There’s a tree outside for birds
‘I should never have let us drift apart as we did. I blame myself for that.’
‘I shouldn’t worry about it, Jinny,’ I said.
In fact, Jinny had made tentative moves towards a resumption of the old intimacy when they first settled in London, and Mamma had gone down for a visit to the flat. But she had not been at ease; with the surroundings, with the children speaking German, even with Jinny, whom she saw as moving now in circles where she herself could not go, and would not if she could. It was Mamma who had cooled things off again; they had met no more than four or five times since then, and had been strangers when they met.
‘But I can’t help it,’ Jinny said. ‘She’s dead. Eh, the times we had together. I remember, right at the beginning of the last war – your father had been taken away, you were expected, and Anna was a baby in arms. I persuaded her to come to the pictures with me, to get over brooding. We went to the Biograph in Naddock Street. And there was some fellow kept on whistling; he would whistle while the picture was on. The Manager came along, and he thought it was us whistling. Can you beat that? It was what he said that killed us. He looked at me, very icy, and he said: “Moddom, there’s a tree outside for birds.” Eh, we killed ourselves. We laughed so much, we had to go outside. And there we were, standing in the street, Mary holding Anna in her arms, and the pair of us almost helpless with laughing.’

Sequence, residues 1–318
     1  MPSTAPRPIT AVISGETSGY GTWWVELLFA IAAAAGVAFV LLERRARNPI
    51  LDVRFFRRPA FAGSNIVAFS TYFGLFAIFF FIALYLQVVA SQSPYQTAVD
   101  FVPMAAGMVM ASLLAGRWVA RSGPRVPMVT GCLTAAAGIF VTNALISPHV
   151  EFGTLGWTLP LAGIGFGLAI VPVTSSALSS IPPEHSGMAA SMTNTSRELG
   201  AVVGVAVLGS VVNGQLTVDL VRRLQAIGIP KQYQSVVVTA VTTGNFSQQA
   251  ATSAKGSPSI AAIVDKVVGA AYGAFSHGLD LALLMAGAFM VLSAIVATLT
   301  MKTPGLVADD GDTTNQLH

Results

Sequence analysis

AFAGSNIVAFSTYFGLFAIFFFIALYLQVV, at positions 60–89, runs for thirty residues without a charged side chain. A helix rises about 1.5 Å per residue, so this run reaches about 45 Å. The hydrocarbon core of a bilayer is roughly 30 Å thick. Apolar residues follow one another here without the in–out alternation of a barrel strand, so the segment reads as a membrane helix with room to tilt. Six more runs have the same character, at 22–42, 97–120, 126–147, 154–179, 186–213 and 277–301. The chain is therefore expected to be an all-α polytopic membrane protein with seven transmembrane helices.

I laughed myself, and Jinny began laughing with me, laughing at the recollection of that which was as real to her mind as the poor, thin body upstairs. For Jinny it was the girl, struggling in a Bootle slum to provide for her baby daughter, herself, and the child on the way, who was dead. The body was a stranger’s.
Hilda said: ‘When is Anna coming down?’
‘Not for the funeral.’ There seemed little point in offering false explanations. ‘She doesn’t hold with the usual kind of funeral; with the usual kind of anything, for that matter.’
‘She’s right,’ Hilda said. ‘So much nonsense.’